Sunday, April 17, 2011

The New Flesh

"The television screen is the retina of the mind's eye. Therefore the television screen is part of the physical structure of the brain. Therefore whatever appears on the television screen emerges as raw experience for those who watch it. Therefore, television is reality, and reality is less than television." - Brian O'Blivion

I won't be the first person to point out how prescient that statement is for our times, coming from David Cronenberg's 1983 film Videodrome. This "retina of the mind's eye" is now on our desktops and our phones and so on. It's interesting to think how this intimacy was once perceived, when it was limited to large screens in theatres, when it was invariably a communal experience. People would go to the cinema like going to church, dressing for it and looking for a transcendental experience. Now these connexions to the electric spirit world are at the fingertips of private individuals, and that world has gotten more complex and more specialised, drawn closer to individual experiences.

I've seen Videodrome more times than I can say--I first saw it at least ten years ago and have watched it many times since. One thing I don't think I appreciated as much in my earlier viewings of the film is the character arc of Max, the main character. Masha, the worldly pornography agent Max goes to learn more about Videodrome, tells him Videodrome has something Max doesn't have--"A philosophy, and that's what makes it dangerous." I usually thought of this line in terms of what it meant about Videodrome, how it appeared to be some shadowy conspiracy with goals beyond proliferating snuff films. But what the line says about Max is equally important--Max doesn't really have a philosophy. No more than most people, except he's brash and of course young. Arguing on a panel show early in the film, he talks flippantly about how the pornography he broadcasts provides people with an outlet, and goes on to draw conclusions about Nicki Brand's sexuality from the colour of her dress. One senses he says these things for shock value, but they're smart enough statements to be defensible, so that no-one can take his candy away, so to speak.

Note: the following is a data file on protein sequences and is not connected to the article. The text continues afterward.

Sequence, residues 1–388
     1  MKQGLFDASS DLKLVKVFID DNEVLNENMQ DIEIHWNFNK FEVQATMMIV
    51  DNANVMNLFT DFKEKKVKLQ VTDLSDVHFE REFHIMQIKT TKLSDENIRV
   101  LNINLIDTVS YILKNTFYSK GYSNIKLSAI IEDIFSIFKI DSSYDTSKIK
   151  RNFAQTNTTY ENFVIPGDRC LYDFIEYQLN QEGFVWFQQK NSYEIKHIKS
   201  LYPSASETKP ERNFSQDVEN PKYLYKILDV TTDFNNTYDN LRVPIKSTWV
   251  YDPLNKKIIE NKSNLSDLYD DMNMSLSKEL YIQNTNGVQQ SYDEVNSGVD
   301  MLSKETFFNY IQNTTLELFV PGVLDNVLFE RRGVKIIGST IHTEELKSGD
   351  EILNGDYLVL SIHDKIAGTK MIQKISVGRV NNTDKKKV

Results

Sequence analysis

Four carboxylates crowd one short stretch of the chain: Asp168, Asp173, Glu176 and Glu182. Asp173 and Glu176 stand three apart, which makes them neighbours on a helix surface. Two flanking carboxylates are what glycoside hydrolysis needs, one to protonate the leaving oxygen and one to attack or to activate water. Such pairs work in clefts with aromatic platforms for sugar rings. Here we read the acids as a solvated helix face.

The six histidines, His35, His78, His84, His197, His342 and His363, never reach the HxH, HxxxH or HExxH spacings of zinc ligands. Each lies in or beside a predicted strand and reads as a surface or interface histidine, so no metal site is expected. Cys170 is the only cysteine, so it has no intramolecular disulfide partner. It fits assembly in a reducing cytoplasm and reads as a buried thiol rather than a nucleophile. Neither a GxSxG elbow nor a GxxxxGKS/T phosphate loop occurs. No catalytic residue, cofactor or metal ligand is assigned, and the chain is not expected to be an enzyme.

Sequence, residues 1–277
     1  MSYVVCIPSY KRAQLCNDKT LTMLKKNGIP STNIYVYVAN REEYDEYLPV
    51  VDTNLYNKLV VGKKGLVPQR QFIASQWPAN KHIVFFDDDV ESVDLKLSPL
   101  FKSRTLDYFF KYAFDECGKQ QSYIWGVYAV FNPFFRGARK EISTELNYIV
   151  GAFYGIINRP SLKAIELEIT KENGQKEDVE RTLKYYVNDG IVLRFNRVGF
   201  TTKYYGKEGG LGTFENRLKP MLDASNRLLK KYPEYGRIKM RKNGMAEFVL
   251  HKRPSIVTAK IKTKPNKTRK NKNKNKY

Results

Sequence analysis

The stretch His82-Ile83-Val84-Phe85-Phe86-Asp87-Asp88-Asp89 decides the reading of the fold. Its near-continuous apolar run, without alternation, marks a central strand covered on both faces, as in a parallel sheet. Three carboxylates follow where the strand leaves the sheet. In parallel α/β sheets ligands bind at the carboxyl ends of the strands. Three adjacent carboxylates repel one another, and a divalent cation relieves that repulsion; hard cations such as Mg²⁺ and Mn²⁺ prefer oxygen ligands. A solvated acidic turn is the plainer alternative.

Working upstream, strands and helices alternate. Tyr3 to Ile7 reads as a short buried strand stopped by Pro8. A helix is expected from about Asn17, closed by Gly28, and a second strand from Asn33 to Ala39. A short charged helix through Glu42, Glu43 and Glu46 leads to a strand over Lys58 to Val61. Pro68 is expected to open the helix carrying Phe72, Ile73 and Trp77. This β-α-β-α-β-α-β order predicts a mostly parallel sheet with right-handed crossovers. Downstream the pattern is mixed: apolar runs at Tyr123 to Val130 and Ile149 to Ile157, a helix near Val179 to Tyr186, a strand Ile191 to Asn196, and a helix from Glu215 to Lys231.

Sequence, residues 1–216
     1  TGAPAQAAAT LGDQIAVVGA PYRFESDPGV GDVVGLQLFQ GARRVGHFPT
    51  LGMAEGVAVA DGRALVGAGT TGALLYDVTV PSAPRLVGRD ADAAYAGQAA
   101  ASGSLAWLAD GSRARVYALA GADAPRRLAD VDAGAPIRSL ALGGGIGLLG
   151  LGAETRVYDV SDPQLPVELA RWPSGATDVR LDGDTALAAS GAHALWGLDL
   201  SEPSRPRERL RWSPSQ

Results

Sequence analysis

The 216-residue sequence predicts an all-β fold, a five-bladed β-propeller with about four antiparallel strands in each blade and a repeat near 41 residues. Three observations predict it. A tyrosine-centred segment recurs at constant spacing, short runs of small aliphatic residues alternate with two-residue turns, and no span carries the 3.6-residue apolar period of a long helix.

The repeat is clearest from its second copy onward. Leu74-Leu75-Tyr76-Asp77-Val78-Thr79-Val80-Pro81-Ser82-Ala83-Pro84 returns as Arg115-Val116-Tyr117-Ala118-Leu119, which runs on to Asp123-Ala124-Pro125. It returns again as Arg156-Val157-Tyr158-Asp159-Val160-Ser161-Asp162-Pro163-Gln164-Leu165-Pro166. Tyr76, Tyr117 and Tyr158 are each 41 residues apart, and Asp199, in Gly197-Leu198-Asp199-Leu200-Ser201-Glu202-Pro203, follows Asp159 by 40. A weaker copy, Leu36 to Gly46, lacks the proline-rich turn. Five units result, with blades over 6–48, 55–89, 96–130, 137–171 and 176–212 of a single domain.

But without a bedrock of a real commitment to anything besides an instinctual need to find something more "rough" to suit his jaded palette, he easily falls prey first to Videodrome, and then to O'Blivion's counter movement, like a brainwashed soldier.

Immediately after the movie ended last night, I opened my web browser to check my e-mail. For years now, I've had my home page set to Wikipedia's random page--you can do this by going to Wikipedia's main page and copying the url for the "Random article" link in the left column without clicking on it and pasting the url in the field for homepage in the browser options. It's a fun thing to have as a homepage.

Anyway, immediately after watching Videodrome, I clicked on my web browser and saw Sonya's Wikipedia entry pop up before me. Out of over three million entries, I got that one. I know, of all the gin joints in all the towns in all the world . . . But, of course, no one walked into anywhere. Weirdly, the more I tried to tell myself that it meant nothing, the more it bothered me. I kept bouncing back and forth between feeling slightly, but genuinely, crazy, and feeling cheated by experiencing what seemed for a split second like a significant occurrence related to something I lost hope in a long time ago. Where Max's lack of a philosophy made him vulnerable, my more or less possession of a philosophy has made me miserable. Though I guess buying into magical thinking would probably lead me down a more miserable road eventually. At least I didn't get "Wild Mountain Thyme" stuck in my head again.

It made me realise I need to step up my work with my next comic. I'm starting to lose it in exactly the same way I did before I got to work on Venia's Travels. You see, my mind makes characters, it makes personalities that disagree with each other, attaches whole histories of psychological hangups and motivations. I need an outlet for it, or my brain starts feeding on people I care about who won't talk to me and starts trying to get insightful. I know this about myself, and this self knowledge is something I keep close to heart because it contradicts the people who tried to tell me I was crazy for liking Sonya without having met her in real life. Well, I think they thought I was crazy because they decided when I said I loved someone it meant I presumed some form of reciprocal connexion, when I see myself as perfectly capable of loving my perception of a person without any action or participation on their part.

Anyway. The whole world's finding it trickier to separate itself from the screen.

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